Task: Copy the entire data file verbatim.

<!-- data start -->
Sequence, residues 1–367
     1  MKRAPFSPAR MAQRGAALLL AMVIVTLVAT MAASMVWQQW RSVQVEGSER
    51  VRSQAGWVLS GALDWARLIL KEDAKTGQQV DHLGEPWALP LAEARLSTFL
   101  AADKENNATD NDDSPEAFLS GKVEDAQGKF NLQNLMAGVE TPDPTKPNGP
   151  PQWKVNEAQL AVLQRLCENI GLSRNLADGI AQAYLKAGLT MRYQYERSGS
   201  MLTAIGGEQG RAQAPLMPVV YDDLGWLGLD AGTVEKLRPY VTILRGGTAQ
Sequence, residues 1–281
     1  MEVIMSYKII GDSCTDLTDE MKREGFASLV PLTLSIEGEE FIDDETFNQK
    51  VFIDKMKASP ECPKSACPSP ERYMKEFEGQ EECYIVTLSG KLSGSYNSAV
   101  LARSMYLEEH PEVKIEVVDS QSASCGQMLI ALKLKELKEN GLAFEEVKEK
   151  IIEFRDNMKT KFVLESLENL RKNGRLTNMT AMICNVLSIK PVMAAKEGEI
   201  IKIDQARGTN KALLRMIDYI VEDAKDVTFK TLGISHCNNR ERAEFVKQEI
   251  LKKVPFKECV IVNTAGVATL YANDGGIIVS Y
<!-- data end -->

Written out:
Sequence, residues 1–367
     1  MKRAPFSPAR MAQRGAALLL AMVIVTLVAT MAASMVWQQW RSVQVEGSER
    51  VRSQAGWVLS GALDWARLIL KEDAKTGQQV DHLGEPWALP LAEARLSTFL
   101  AADKENNATD NDDSPEAFLS GKVEDAQGKF NLQNLMAGVE TPDPTKPNGP
   151  PQWKVNEAQL AVLQRLCENI GLSRNLADGI AQAYLKAGLT MRYQYERSGS
   201  MLTAIGGEQG RAQAPLMPVV YDDLGWLGLD AGTVEKLRPY VTILRGGTAQ
Sequence, residues 1–281
     1  MEVIMSYKII GDSCTDLTDE MKREGFASLV PLTLSIEGEE FIDDETFNQK
    51  VFIDKMKASP ECPKSACPSP ERYMKEFEGQ EECYIVTLSG KLSGSYNSAV
   101  LARSMYLEEH PEVKIEVVDS QSASCGQMLI ALKLKELKEN GLAFEEVKEK
   151  IIEFRDNMKT KFVLESLENL RKNGRLTNMT AMICNVLSIK PVMAAKEGEI
   201  IKIDQARGTN KALLRMIDYI VEDAKDVTFK TLGISHCNNR ERAEFVKQEI
   251  LKKVPFKECV IVNTAGVATL YANDGGIIVS Y